Uluru Children's Home (UCH)

The Uluru Children's Home cares for a particularly vulnerable group of girls in the Indian community. Since 2003, the Home has housed vulnerable children, mainly rural girls, who have been orphaned or abandoned by destitute parents. There are currently 37 children - 33 girls and 4 boys - living at the Home. 

Here they are given the essentials of food, clothing and shelter - all in a safe, loving and caring environment. The children, aged from 2 up to 15, are given a permanent home and a whole new direction for the rest of their lives. But more importantly, they have access to health care and education, which are crucial in giving them life prospects they would otherwise be denied.

Set in a lush and tranquil environment overlooking the backwaters of the Bay of Bengal about 100kms south of Chennai in South India, the Home is a unique venture, which has become an integral part of the local community. Not only does it provide employment to local villagers, but it also helps local business with ambitious plans for more projects that will benefit the whole community.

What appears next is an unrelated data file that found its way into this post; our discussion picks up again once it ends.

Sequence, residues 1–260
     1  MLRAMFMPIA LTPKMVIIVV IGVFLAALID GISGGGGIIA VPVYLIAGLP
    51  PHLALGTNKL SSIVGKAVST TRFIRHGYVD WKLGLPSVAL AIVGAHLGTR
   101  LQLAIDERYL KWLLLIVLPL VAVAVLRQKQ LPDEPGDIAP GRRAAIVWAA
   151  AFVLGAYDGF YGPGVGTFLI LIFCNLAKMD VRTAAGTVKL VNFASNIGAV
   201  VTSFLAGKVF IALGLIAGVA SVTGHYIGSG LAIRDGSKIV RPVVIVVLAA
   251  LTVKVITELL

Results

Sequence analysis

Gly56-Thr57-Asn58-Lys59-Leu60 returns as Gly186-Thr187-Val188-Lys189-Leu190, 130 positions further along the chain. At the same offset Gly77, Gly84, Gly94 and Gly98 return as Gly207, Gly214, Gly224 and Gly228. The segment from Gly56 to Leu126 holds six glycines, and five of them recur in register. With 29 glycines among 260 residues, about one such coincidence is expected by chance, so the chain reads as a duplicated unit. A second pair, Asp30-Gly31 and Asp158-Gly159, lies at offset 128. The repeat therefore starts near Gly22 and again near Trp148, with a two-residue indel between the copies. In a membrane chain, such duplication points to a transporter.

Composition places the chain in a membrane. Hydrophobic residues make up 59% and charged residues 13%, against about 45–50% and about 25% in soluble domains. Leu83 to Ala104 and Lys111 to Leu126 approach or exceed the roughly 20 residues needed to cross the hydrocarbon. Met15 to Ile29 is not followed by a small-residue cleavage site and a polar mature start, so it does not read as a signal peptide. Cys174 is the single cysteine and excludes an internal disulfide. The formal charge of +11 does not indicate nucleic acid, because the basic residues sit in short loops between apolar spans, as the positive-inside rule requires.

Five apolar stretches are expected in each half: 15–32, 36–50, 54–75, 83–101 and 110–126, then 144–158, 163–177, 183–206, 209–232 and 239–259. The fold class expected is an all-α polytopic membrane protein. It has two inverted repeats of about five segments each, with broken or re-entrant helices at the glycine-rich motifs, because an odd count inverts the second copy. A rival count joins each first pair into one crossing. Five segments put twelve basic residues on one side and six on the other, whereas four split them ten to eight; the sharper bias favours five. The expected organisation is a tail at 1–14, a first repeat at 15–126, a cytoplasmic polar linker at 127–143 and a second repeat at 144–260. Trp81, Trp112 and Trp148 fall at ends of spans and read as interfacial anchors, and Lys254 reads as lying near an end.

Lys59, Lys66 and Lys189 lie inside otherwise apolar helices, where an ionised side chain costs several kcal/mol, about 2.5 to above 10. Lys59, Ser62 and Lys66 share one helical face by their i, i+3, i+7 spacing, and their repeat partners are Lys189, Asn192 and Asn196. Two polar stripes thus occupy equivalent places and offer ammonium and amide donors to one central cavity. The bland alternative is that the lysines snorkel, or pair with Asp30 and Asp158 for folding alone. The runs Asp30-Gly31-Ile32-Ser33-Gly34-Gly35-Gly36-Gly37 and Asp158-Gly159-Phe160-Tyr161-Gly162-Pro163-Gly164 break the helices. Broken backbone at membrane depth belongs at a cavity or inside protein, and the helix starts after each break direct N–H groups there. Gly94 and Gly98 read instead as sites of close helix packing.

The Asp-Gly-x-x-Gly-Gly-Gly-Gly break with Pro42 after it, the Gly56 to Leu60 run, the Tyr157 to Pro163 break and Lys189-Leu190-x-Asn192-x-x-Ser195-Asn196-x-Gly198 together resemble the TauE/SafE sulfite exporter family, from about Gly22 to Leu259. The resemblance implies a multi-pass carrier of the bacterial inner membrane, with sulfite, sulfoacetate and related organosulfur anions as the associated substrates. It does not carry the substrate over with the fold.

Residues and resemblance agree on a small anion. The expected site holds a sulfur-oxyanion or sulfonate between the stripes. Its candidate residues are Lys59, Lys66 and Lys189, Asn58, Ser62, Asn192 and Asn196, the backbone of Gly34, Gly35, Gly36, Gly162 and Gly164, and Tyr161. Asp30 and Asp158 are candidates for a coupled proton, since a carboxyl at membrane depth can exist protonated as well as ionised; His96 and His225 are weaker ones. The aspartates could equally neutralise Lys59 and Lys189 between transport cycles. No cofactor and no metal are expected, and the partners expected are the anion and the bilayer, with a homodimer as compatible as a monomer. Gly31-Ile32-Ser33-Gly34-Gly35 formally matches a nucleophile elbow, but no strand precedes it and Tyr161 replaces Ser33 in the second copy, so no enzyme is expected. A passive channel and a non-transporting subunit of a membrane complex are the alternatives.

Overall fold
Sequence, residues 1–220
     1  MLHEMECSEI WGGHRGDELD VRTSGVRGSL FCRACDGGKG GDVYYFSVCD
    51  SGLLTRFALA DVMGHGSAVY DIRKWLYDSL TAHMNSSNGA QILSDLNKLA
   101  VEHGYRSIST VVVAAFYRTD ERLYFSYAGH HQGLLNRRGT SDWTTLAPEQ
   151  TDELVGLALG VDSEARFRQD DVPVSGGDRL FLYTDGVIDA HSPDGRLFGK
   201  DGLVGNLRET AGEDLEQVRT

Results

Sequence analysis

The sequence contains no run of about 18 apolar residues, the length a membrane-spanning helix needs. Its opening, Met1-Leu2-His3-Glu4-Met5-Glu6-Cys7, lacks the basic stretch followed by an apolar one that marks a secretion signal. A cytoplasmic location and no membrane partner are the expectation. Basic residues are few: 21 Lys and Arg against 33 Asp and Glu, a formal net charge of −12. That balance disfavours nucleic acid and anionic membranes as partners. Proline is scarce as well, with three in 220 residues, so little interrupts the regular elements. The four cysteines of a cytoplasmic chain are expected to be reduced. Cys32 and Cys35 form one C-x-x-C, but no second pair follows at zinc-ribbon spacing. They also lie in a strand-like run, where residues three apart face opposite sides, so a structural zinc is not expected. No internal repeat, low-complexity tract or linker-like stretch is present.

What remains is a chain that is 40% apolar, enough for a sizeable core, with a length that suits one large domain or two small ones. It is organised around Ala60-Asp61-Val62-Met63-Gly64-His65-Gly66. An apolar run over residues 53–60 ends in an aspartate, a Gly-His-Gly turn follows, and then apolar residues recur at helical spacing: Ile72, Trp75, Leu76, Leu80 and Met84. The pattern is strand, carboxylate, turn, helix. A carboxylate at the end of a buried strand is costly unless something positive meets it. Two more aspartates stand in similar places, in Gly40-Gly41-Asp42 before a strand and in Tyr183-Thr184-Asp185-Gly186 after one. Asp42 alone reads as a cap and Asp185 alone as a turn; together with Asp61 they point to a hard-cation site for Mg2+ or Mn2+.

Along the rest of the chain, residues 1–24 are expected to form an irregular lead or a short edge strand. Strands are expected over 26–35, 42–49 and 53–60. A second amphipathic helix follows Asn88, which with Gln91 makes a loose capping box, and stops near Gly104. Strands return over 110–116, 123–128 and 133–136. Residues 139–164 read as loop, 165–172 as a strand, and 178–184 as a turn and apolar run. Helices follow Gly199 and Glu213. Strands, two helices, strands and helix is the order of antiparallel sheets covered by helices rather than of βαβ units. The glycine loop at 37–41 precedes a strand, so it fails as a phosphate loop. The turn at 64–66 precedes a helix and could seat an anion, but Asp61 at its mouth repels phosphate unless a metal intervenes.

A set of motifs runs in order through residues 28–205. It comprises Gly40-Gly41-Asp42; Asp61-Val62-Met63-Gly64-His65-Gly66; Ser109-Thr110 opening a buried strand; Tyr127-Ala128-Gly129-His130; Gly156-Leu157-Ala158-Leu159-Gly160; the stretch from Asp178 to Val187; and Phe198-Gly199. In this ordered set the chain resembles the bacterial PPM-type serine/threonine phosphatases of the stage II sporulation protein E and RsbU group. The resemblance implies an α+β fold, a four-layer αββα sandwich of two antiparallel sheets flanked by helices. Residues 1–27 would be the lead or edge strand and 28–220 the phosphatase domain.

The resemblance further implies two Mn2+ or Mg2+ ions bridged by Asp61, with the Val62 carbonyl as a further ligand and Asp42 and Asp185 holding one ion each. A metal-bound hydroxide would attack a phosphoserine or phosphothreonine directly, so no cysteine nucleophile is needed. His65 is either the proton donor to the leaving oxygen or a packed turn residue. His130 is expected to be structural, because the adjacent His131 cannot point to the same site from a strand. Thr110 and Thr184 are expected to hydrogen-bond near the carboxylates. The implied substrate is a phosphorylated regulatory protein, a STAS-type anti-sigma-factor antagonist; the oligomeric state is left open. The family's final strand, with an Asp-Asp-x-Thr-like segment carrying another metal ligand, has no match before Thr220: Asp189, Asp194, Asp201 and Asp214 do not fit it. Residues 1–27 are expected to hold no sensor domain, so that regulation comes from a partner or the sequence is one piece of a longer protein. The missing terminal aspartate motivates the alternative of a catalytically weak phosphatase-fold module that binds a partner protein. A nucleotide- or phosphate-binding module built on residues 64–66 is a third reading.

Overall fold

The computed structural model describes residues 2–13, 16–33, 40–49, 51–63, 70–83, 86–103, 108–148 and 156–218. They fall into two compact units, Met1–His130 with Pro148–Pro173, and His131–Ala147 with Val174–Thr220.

In the wake of the devastating 2004 Tsunami, TEWOAF decided to expand the Uluru Children's Home by permanently accommodating and caring for children displaced by the tragedy. The first of the two new dormitories was officially opened in October 2006. Read more...

There are plans to increase the number of children to 80 but this is being done gradually to ensure that the Foundationís working structure is solidly in place.

Read speech on Child Rights in India by Patron The Honourable Ron Merkel QC (PDF file / 404KB).

Photographs courtesy Jaime Murcia
email usEmail   |  sitemapSite Map © 2005 The East West Overseas Aid Foundation